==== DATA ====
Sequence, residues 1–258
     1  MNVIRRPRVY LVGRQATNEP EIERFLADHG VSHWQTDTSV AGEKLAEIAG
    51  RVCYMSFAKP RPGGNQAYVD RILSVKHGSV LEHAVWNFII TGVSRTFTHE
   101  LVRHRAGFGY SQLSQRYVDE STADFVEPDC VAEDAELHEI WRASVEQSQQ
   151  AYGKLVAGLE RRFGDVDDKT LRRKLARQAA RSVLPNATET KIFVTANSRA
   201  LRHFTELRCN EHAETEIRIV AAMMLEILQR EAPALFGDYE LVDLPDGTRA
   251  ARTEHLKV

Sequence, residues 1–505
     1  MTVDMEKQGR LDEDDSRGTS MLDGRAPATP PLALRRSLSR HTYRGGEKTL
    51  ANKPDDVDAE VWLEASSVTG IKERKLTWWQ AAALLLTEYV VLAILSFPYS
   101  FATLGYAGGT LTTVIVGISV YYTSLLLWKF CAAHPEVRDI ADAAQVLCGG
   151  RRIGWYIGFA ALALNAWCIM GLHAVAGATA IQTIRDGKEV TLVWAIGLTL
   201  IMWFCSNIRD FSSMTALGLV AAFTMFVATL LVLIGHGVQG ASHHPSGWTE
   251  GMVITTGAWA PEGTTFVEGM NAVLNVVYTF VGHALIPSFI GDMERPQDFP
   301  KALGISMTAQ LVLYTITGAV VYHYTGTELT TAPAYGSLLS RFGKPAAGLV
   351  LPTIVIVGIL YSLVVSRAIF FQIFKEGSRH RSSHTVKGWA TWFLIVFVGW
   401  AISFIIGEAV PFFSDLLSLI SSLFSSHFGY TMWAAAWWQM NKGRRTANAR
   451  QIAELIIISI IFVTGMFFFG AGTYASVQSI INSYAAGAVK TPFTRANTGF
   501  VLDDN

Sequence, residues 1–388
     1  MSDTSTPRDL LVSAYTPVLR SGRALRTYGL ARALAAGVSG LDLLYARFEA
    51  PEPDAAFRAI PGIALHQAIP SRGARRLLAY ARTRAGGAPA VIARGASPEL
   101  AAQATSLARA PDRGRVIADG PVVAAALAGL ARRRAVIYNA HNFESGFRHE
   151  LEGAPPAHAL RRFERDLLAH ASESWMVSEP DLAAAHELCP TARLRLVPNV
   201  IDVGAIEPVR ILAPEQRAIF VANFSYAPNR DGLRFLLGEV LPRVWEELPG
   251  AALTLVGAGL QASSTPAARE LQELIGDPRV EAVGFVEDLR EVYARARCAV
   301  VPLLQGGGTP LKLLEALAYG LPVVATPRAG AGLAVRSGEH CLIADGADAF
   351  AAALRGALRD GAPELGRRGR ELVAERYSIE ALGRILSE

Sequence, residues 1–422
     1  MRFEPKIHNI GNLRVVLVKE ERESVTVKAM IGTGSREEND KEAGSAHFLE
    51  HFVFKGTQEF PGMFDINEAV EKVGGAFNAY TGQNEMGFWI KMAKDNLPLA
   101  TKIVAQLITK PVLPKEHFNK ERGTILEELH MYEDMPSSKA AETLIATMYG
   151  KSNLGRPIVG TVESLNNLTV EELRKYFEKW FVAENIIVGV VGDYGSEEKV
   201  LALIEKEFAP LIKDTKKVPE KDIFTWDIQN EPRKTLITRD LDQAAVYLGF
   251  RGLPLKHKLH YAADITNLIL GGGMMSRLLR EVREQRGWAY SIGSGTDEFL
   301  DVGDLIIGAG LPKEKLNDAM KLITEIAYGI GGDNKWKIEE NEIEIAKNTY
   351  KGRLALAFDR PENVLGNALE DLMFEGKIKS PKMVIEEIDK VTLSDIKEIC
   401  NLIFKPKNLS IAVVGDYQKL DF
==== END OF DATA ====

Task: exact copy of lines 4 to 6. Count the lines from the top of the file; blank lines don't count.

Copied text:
   101  LVRHRAGFGY SQLSQRYVDE STADFVEPDC VAEDAELHEI WRASVEQSQQ
   151  AYGKLVAGLE RRFGDVDDKT LRRKLARQAA RSVLPNATET KIFVTANSRA
   201  LRHFTELRCN EHAETEIRIV AAMMLEILQR EAPALFGDYE LVDLPDGTRA